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Review – Joy and Sorrow Oracle Deck

Joy and Sorrow Oracle Deck

Author: Roxi Sim Hermsen
Artist: Roxi Sim Hermsen
Game Crafter



The “Joy and Sorrow Oracle Deck” is a 33 card deck presenting Joy and Sorrow meditations. Offering “a moment’s peace, a moment’s distraction, and a moment’s grace. The original art was created to help those dealing with the pain and trauma of loss. They were part of the process of healing for Roxi after the loss of her nine year old son, her mother’s passing, and the decline of her own health – all happening within a very short time of each other. Art therapy at its finest!

The divine feminine has a strong focus in this deck, as do the brilliant colors, and the literal language of the flowers.

This deck comes in two sizes – poker size, and jumbo. I am reviewing the poker size, which is a nice size for smaller hands. The cards are 2 ½” by 3 ½”, with linen card stock used (which I absolutely adore!). The card faces show brightly colored positive images, while the card back presents a guided meditation based on the card, as well as suggestions to the reader on encouraging their progress on their journey of healing.

The card box shows an image of the card Joy and Sorrow, with the back of the box presents information on the cards, and how to use them. It is suggested that they can be drawn randomly, spread out and chosen by color or name, or place them face up and choose the image that appeals to the reader. It is suggested that the reader first spend some time with the meditation, and then turn the card over immerse/lose themselves in the imagery and message. I would like to add that these cards can easily be used with ritual work, and as an “add on” to any type of oracular reading.

img149  img150

The Story Teller

Featured in this card is an elaborately dressed Goddess. Her headdress connects her to the heavens, while her shoes connect her to the earth. She is telling us that change is coming, change that will require balance, dedication, strength, and focus. She has come to tell her story, while at the same time she encourages the reader to tell their story.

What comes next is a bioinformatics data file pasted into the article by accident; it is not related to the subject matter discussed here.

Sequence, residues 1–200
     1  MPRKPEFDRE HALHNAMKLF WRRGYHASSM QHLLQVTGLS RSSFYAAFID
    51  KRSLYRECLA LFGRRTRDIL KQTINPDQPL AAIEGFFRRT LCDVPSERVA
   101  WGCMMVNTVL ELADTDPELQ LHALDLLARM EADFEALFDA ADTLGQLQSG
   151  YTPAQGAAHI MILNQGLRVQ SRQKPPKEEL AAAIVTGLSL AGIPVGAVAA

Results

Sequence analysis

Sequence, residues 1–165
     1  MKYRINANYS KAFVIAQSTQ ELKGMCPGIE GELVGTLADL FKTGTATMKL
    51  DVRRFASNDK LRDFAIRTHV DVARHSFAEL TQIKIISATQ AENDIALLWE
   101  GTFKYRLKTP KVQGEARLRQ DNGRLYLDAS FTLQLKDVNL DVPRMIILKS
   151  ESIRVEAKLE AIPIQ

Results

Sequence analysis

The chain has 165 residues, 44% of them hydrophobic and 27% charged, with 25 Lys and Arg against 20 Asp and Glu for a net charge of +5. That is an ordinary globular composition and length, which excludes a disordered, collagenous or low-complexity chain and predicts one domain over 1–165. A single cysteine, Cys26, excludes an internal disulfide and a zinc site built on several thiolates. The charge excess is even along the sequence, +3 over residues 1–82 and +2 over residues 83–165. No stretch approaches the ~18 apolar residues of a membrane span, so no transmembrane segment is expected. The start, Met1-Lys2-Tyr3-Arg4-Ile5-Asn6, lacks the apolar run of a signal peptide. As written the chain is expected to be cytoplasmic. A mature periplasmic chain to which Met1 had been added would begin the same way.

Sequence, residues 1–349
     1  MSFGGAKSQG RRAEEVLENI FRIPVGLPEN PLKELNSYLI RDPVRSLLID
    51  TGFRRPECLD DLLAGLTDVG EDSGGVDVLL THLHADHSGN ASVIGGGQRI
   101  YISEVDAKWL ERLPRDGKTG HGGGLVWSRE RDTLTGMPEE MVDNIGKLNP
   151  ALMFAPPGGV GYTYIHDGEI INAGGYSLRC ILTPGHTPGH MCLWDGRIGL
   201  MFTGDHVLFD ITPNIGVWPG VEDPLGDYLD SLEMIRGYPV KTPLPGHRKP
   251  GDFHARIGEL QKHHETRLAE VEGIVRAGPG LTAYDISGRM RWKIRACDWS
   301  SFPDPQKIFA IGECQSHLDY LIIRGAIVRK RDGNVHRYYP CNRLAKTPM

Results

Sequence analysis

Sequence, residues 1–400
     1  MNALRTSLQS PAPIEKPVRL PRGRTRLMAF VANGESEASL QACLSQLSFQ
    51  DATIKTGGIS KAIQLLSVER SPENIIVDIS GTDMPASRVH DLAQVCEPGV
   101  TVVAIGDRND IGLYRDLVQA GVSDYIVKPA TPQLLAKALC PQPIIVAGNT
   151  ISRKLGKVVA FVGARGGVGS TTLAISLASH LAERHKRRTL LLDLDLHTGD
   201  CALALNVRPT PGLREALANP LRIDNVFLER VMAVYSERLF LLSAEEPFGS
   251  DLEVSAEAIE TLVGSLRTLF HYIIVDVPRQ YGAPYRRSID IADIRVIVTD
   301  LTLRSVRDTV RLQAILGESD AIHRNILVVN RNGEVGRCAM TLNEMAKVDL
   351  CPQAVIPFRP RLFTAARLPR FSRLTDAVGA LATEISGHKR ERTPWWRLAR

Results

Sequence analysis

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Here we see a garden of roses, and a lovely back yard tent. An artist sits before an easel, painting a small canvas. The reader is being advised to create, create, create – to create their own story, to create what they need to see.

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Here the Sleeping Goddess rests, the moon seen through the window behind her. She has been forgotten over time, and will only awaken when enough of us remember, and take the time to honor her. The Sleeping Goddess offers encouragement, and permission to take the time to rest and recuperate.

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The Fountain

Here we see a secret garden, within whose walls stands the Fountain of the Goddess. The spirals on her body indicate the possibilities for growth. Healing waters overflow from the vessel she holds over her head. The Goddess knows and understands that she must nurture herself first so that she can provide for others. She knows that her garden will flourish when she does.

The concept behind the deck is that joy shared is doubled, and sorrow shared is halved. The deck is dedicated to Roxi’s lifetime friend Heather Sneddon, who is featured in the card friendship.

I love the fact that the cards are borderless, allowing the reader to enter them with ease. We all face joy in our life, and at times we will all face sorrow. The “Joy and Sorrow Oracle Deck” acts as a tool of empowerment to get us through the worst of times.

© August 2016 Bonnie Cehovet
Reproduction prohibitd without written consent from the author.